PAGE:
It's like sitting around a dinner table: Westerners use forks and knives, Chinese prefer chopsticks, and Arabs and Indians their hands. The mediums may be different, the purpose is the same.
Why should all of us have to use forks and knives? You should not force others to use the medium you like. The same applies to the negotiation table. The solution to a problem is more important than the means employed.
Coercion and confrontation "will lead us nowhere".
This is how China's special envoy to Darfur Liu Guijin describes the Darfur issue.
"China insists on using influence without interference, and we know respect for all the parties is vital to finding a solution," Liu said in an interview with China Daily.
"If the situation in Darfur gets out of control or if it gets too late before a solution is found, it will hurt the interest of not only the people in Darfur, but also the international community."
But to find a fair solution, "you have to learn how to deal with the Sudanese government" because no peacekeeping operation can be smooth without its support, Liu said. The international community should not forget that it is a "legitimate government that deserves respect".
"We sit together to solve the problem and restore peace in Darfur, not to punish one side in favor of another."
China has been trying to find a solution agreeable to all the parties. It has been trying to alleviate the suffering of the people, too.
It sent a team of agriculture experts to Sudan last month to study the possibility of setting up an agriculture technology demonstration center.
"Such help targets the right cause of the conflict - poverty."
China has already given US$10 million in humanitarian aid and promised to offer more.
China has used its ties with Sudan to build infrastructure such as schools, hospitals and water projects. But their relations have been politicized by a section of the media and some NGOs and politicians, Liu said.
Only 8.7 percent of the oil exports from Africa came to China last year, compared to 36 percent that went to Europe and 33 percent to the US. "If 8.7 percent is exploitation, how about 33 and 36 percent?" Liu said.
The Darfur issue has been unfairly played up partly because of the presidential election campaign in the US, he said. "Certain US politicians like to play up Darfur to show that they are standing on a higher moral ground."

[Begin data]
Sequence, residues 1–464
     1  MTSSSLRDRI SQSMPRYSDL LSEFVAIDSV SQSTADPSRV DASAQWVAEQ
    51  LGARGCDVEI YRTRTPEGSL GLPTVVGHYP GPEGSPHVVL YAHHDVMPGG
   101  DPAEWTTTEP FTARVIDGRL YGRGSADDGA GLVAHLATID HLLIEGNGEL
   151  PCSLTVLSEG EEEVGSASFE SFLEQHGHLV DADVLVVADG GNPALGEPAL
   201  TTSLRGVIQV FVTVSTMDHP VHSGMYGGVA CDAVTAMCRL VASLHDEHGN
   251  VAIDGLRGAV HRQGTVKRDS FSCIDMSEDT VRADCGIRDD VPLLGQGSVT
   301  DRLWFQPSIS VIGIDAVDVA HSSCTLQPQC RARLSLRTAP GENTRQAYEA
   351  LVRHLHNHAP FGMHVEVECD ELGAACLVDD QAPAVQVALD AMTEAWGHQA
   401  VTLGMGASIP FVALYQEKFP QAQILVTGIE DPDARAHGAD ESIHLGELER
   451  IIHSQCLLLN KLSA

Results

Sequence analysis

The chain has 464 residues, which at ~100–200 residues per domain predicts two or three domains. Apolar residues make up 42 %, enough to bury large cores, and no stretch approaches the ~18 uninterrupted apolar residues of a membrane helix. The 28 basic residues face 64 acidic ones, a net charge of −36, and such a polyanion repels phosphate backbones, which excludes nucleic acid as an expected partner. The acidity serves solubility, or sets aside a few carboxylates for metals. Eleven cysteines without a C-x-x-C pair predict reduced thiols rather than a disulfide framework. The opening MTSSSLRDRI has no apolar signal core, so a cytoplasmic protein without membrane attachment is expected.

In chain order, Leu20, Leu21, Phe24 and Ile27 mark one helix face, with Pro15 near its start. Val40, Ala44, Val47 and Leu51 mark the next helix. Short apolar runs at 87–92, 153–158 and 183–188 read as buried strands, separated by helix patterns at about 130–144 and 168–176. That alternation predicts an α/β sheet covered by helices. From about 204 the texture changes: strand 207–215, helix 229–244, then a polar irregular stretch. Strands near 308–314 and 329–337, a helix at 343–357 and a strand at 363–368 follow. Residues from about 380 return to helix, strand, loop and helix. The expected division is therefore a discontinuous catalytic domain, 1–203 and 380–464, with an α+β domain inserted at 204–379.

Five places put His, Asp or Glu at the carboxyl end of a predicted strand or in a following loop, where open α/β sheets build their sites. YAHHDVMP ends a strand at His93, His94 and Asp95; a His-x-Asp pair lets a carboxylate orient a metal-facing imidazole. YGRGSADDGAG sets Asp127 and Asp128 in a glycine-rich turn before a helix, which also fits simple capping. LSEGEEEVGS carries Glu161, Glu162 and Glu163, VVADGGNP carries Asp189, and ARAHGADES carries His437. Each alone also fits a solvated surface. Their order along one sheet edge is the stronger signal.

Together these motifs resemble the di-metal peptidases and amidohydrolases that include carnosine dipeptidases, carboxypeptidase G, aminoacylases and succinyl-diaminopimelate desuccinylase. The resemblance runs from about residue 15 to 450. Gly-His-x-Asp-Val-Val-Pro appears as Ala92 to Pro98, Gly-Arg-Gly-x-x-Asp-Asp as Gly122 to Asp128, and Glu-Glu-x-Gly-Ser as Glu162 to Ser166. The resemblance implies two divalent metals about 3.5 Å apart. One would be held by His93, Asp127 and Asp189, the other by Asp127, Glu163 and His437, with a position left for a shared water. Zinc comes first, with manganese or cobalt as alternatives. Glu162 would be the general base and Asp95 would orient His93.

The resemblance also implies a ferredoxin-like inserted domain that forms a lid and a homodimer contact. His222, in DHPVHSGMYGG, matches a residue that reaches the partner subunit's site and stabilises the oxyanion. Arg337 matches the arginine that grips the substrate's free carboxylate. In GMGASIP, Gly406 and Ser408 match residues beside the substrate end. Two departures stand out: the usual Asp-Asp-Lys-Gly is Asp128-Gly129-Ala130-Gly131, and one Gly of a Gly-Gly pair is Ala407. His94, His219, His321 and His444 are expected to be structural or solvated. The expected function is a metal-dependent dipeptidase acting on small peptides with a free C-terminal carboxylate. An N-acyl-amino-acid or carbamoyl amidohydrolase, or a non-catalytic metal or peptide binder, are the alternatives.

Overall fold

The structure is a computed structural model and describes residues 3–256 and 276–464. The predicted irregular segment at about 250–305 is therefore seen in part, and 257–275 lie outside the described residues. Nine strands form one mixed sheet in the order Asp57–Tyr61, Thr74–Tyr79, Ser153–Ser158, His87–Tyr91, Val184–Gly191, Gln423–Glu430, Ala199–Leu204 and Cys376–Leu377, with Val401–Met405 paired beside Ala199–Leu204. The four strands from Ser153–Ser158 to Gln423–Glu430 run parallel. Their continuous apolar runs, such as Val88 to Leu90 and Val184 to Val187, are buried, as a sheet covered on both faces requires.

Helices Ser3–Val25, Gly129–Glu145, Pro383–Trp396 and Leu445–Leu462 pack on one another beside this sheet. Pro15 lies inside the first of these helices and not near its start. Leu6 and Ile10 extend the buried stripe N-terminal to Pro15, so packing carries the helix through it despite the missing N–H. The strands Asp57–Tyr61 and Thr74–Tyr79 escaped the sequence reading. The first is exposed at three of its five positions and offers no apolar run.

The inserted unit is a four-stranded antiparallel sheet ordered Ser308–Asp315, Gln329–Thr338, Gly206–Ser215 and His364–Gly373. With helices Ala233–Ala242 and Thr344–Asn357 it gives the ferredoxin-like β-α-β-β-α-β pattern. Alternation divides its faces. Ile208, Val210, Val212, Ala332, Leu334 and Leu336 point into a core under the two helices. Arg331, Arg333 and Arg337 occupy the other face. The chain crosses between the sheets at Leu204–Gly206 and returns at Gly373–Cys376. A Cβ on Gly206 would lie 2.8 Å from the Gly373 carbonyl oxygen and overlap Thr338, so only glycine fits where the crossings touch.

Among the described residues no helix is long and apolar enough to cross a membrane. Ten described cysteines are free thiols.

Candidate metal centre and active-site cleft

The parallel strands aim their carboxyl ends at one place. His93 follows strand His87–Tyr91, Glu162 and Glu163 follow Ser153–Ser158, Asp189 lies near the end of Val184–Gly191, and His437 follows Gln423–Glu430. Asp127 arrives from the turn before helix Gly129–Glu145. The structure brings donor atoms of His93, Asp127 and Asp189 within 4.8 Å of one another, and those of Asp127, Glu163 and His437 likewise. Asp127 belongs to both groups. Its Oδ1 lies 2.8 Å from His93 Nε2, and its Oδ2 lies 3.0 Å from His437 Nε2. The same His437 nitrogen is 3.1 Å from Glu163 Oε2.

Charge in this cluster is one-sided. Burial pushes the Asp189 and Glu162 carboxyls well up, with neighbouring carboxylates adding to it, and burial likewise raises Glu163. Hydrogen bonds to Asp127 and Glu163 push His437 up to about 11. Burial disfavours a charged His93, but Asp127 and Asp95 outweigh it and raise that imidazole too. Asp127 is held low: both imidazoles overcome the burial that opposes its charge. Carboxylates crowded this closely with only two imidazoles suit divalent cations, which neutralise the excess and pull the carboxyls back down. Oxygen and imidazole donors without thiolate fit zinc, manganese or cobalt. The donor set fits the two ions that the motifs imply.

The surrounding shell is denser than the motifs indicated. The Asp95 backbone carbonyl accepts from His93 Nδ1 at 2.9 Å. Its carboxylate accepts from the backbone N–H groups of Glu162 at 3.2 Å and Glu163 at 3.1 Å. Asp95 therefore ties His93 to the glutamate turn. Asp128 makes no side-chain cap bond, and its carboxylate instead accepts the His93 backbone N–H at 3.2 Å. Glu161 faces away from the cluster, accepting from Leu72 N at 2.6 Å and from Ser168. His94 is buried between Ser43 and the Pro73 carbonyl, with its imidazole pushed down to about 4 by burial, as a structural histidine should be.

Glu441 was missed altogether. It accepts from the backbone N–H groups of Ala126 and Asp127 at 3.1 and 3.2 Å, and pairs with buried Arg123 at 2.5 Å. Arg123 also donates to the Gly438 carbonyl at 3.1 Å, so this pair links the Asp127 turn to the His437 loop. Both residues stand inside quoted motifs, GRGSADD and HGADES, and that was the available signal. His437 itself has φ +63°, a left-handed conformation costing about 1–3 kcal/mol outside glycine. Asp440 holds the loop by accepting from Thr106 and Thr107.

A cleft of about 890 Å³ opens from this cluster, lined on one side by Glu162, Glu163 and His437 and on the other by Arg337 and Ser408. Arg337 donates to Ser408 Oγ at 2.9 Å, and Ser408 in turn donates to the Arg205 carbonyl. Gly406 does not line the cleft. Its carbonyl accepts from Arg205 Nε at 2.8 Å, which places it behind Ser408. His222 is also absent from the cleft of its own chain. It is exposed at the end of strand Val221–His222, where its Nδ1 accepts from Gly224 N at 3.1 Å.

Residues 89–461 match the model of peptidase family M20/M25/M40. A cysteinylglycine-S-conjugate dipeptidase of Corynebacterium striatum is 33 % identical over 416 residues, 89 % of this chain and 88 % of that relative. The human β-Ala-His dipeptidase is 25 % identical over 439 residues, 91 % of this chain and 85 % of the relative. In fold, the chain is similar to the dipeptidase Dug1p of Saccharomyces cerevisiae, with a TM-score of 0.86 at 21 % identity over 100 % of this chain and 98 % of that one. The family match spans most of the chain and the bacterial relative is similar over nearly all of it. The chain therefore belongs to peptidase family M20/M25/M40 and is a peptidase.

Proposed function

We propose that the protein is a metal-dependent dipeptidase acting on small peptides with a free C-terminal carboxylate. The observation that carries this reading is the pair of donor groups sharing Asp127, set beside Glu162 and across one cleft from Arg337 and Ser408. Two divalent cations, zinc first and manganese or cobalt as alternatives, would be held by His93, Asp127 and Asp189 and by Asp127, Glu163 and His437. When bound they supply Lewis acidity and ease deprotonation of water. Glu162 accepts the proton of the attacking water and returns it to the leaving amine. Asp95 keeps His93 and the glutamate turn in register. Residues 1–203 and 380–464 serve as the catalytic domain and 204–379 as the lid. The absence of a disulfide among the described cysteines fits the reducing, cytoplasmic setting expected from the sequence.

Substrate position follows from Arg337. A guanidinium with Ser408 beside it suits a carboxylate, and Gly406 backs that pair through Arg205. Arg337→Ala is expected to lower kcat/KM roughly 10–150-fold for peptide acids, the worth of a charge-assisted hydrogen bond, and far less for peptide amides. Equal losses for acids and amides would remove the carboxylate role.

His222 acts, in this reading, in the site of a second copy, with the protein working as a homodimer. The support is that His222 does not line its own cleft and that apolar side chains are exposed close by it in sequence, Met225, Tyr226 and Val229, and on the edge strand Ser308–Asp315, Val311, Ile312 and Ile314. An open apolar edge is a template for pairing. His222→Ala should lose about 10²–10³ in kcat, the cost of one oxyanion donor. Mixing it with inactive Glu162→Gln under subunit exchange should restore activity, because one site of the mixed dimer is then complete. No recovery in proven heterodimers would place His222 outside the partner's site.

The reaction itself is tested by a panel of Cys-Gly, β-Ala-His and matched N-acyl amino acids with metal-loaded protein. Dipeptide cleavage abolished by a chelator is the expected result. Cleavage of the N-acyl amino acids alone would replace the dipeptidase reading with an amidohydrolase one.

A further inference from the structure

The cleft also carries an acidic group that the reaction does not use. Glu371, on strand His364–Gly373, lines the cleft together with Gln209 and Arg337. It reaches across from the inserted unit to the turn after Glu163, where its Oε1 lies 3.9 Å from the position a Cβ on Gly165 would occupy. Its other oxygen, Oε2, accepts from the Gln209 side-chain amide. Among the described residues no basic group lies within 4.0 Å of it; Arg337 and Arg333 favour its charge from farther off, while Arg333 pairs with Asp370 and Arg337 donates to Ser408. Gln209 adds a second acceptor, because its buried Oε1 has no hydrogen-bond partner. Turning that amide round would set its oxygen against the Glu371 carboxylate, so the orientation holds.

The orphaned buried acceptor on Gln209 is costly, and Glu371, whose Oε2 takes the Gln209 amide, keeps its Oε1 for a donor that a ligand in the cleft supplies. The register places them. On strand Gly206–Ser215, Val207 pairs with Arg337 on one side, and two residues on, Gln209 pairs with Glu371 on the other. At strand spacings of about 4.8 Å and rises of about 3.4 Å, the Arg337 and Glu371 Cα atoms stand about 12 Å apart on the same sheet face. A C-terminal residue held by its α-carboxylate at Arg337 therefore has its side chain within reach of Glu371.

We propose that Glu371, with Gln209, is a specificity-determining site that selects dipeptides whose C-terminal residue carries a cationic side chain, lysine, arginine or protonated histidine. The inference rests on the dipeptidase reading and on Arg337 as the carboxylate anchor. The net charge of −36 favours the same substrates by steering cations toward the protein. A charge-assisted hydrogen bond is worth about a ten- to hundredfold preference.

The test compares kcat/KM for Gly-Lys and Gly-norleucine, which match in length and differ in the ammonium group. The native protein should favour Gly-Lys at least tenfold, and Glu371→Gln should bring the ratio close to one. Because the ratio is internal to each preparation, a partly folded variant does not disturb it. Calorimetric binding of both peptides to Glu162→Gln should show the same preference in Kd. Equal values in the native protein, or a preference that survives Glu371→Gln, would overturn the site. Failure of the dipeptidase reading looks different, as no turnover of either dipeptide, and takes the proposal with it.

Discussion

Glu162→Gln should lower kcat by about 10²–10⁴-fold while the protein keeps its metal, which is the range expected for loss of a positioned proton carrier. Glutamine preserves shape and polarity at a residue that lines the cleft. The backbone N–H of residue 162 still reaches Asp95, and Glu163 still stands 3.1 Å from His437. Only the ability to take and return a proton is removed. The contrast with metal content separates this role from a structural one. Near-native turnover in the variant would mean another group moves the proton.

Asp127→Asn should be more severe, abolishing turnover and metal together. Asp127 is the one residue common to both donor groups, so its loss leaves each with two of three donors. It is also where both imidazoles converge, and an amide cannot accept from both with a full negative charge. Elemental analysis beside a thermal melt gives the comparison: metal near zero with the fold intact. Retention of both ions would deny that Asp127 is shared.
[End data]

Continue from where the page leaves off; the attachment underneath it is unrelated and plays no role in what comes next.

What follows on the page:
And the people trying to connect Darfur with the 2008 Beijing Olympic Games, Liu said, are either ignorant of reality or steeped in obsolete Cold War ideology. "They tend to distort China's stance and refuse to recognize the constructive role China has played."
"It is not China's Darfur, it is first Sudan's Darfur and then Africa's Darfur. We have cooperated, and will continue to cooperate on the Darfur issue, instead of confronting with other countries over it."
The Sudanese government has always been ready to talk with the political groups. It has accepted the "hybrid peacekeeping force" in Darfur unconditionally. Now, the UN is deliberating a resolution that will officially endorse the deployment of the "hybrid force".
There are differences, too, among Darfur's political groups, especially because they have now been divided into smaller factions with new demands, Liu said. So "more negotiations and compromises are needed to find a common ground".
The Second International Conference on Darfur, held in Tripoli from July 15 to 16, was a turning point for the political process, said Liu, who was among the participants.
All the parties agreed that the political process had fallen behind the peacekeeping efforts, and needed to be expedited because peacekeeping alone cannot restore real and long-time peace, he said.
The Tripoli meeting sent a strong message to the political groups in Darfur, too, that negotiations were the right way to resolve disputes, Liu said.
It was decided at the meeting that the parties would not join any initiative that didn't have the backing of the UN and the African Union (AU). "That's very important because all the parties play out their acts on a common stage," he said.
The Darfur Peace Agreement (DPA) reached in Abuja, capital of Nigeria, in 2006 should serve as a foundation for negotiations with political groups that didn't sign the peace deal.
"The DPA is the result of years' negotiation. There is no need to discard it and start from scratch."
It is still hard to say how much the Sudanese government will compromise and how much the political groups will ask for, he said.
The UN and AU special envoys for Darfur, Jan Eliasson and Salim Ahmed Salim, have invited leaders of Darfur's political groups that have not signed a peace agreement with the government to a meeting in Arusha, Tanzania, next week.
"That is a positive sign," Liu said.
China insists on a simple and practical resolution. "We should not put more differences in the UN resolution, or else the bargaining will continue forever and become more complicated," Liu said.
(China Daily July 27, 2007)